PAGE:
Is it possible to take a lower DC voltage, such as the 1.5v from a AA battery, and step it up to a higher DC voltage, such as 5v, which keeps that 5v potential even when there is no load, and which doesn't consume any power when there's no load?

In other words, is there a thing (a board, a component, etc) which can take a AA battery and output 5v without the battery running down when the 5v-needing board is off or in low power mode?

  • \$\begingroup\$ No. No free energy. You need to consume something (even if small) for the step-up to keep happening. \$\endgroup\$ – Fizz Sep 30 '15 at 23:18
  • \$\begingroup\$ Having said that, a battery discharges by itself over time, so if you can find a step-up method that consumes negligible power in comparison, you could call that (almost) no power lost. But I don't think we're there yet with 1.5V batteries vs SMPS. \$\endgroup\$ – Fizz Sep 30 '15 at 23:26
  • \$\begingroup\$ You could of course try an cheat and have some kind of very low power load detection circuit running at 1.5V (think how standby works on a computer). But the 5V won't be always on, just like the CPU ain't really on when it's in standby. \$\endgroup\$ – Fizz Sep 30 '15 at 23:29
  • \$\begingroup\$ Someone has actually though of the latter already (well, not at those voltages you ask) ti.com/tool/loaddetectpwrsupply-ref \$\endgroup\$ – Fizz Sep 30 '15 at 23:30
  • \$\begingroup\$ Well, if you wanted the 5V nominally there, you could add a supercap. \$\endgroup\$ – Daniel Oct 1 '15 at 0:14

Any circuit that you put across the battery will draw some power, but with no load it can be very low. The problem comes when a load is applied and it needs to hold the voltage up. The more power it has to provide under load, the higher the quiescent current may have to be for it to work properly.

The 'thing' you are talking about is called a Voltage Booster or DC/DC Step Up Converter. The two most common ways to step up a DC voltage are:-

  1. Switched Capacitor

A capacitor is connected in parallel with the battery to charge it, then reconnected in series to double the output voltage. With no load the capacitor will stay charged for a long time, but under load it will start to discharge and so must be topped up periodically.

The switching circuitry will draw a bit of current even when there is no load. This quiescent current can be reduced by lowering the switching frequency, but then the output voltage will drop more as loading increases.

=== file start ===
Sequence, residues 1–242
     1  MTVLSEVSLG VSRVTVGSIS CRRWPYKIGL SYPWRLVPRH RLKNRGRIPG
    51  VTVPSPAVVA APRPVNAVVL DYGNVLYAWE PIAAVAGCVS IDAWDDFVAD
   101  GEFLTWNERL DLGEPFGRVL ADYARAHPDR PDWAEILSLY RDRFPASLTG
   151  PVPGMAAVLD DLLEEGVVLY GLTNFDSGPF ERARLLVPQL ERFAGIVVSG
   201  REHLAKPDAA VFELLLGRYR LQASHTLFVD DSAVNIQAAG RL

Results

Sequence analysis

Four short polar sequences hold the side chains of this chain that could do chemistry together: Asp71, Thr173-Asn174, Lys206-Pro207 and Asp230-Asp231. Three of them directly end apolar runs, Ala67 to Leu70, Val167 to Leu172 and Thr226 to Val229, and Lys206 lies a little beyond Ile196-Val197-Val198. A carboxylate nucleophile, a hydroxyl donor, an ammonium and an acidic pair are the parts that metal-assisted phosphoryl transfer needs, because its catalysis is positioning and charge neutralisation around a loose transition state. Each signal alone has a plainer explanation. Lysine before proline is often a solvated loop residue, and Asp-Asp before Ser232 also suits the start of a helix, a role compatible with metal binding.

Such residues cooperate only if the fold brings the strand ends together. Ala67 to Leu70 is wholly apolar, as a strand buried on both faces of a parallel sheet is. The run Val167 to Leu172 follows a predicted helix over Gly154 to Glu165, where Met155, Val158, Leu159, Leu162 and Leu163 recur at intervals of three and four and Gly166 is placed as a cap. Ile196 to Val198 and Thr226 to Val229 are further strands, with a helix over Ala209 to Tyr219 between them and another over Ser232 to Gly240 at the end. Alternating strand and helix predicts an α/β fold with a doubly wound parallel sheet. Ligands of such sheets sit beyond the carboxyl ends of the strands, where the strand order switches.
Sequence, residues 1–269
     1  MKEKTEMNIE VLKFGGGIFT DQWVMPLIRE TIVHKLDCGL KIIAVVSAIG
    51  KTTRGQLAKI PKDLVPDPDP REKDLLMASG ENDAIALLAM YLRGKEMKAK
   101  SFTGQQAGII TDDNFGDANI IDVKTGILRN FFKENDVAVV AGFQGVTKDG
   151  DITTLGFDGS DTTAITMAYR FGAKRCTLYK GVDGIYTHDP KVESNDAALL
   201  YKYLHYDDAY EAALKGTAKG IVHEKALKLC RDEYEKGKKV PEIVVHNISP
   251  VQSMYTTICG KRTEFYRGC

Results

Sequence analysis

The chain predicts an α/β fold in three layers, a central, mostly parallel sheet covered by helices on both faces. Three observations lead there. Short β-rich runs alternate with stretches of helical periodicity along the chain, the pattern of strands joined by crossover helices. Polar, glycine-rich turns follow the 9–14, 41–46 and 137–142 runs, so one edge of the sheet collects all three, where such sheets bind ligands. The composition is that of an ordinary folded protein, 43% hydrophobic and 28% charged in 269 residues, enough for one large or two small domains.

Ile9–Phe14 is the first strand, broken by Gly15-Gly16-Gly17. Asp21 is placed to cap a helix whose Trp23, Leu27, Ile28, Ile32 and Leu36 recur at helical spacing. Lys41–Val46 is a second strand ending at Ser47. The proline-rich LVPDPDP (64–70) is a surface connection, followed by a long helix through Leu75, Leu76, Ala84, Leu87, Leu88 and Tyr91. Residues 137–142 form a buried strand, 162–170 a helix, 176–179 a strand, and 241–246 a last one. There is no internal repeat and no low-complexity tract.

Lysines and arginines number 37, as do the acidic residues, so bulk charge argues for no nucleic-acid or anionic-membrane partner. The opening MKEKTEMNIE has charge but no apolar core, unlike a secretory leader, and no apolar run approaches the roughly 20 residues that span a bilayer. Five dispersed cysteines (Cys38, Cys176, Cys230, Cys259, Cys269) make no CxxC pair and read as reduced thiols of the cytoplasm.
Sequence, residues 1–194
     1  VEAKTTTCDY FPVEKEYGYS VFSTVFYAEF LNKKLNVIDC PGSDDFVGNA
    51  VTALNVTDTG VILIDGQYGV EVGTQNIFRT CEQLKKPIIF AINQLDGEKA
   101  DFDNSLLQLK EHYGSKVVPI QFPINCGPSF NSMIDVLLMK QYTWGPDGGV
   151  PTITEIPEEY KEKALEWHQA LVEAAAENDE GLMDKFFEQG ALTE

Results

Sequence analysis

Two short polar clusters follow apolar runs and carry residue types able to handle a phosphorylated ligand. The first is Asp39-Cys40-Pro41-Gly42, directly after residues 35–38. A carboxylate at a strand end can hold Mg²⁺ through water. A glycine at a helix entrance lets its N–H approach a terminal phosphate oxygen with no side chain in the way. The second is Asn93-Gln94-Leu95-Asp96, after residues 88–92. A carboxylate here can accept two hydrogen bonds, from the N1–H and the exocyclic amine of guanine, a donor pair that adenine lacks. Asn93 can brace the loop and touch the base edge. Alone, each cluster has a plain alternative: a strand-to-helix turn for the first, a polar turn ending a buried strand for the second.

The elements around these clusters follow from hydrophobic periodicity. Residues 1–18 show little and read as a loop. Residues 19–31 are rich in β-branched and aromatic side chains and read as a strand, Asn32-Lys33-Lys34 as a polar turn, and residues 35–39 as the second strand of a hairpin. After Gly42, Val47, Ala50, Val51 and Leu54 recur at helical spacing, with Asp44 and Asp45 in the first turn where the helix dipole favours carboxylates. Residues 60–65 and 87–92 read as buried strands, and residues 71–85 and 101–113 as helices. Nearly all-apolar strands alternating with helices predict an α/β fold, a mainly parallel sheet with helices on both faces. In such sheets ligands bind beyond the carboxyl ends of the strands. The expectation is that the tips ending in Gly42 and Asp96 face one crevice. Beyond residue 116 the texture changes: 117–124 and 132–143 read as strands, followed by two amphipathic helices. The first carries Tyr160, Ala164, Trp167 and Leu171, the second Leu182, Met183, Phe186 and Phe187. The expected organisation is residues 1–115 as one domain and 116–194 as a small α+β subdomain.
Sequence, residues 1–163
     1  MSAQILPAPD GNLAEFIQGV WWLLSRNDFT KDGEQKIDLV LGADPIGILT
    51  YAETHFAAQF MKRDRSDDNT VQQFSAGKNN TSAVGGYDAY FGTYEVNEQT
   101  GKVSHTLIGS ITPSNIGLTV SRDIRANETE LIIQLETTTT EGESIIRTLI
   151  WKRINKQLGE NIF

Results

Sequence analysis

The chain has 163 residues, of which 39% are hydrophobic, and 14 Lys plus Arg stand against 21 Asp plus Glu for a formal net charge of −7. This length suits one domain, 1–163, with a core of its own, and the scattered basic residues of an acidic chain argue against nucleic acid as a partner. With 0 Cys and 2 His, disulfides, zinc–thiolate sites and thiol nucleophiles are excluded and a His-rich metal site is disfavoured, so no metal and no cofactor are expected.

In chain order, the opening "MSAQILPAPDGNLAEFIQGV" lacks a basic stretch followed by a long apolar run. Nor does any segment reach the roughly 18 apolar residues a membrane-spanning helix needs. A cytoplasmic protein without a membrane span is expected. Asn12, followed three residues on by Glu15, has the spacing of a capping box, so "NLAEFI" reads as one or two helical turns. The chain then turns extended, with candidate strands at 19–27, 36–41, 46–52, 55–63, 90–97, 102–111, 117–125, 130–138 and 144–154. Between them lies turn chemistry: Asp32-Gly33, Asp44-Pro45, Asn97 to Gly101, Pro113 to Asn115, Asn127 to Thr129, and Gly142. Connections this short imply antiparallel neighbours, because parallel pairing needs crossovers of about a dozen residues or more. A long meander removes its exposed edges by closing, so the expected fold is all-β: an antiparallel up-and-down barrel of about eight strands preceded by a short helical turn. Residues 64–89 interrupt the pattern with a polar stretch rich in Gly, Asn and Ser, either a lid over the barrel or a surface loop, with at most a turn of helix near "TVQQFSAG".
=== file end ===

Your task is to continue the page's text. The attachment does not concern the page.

1. Inductive booster

An inductor (coil of wire) is switched across the battery, causing an increasing current flow and building up a magnetic field in it. Then the switch is opened, and as the inductor's magnetic field collapses it tries to maintain the current flow - increasing voltage until it does. A diode steers this voltage to the output, where it charges up a capacitor.

An inductive booster must draw some current from the battery even with no load. However it may be able work in 'discontinuous' mode where it draws a short burst of current to charge the output capacitor, then waits for the voltage to drop a little. If capacitor leakage is negligible then the duty cycle (ratio of switch on to off time) can be very low, resulting in very little average current draw from the battery. Quiescent current draw will then be determined by how much power the circuit needs to work in this mode.


I think you want an ultra low quiecent current boost converter.

Here is one from TI...


It can take an input voltage as low as 0.7 volts and boost it to a selectable output voltage between 1.8 and 5.5 volts. It only draw 55 micro amps (millionths of an amp) when there is no load on the output but can supply up to 600mA @5 volts when there is a load.

There are other chips like this that have even lower quiecent current draw (some lower than the internal discharge rate of a battery) but the typically have lower maximum current limits, so picking the right on depends on your application.


I guess depending on the kinds of load you want to put on it and how stable the voltage needs to be, you can use a charge pump to triple the voltage to 4.5 VDC, you may even try quadrupling the voltage to 6VDC, but you would be really pushing the limits. I think you're best bet if you go this route would be to use 2 batteries and use the charge pump to double that voltage. This all of course depends on what you are using the potential for.


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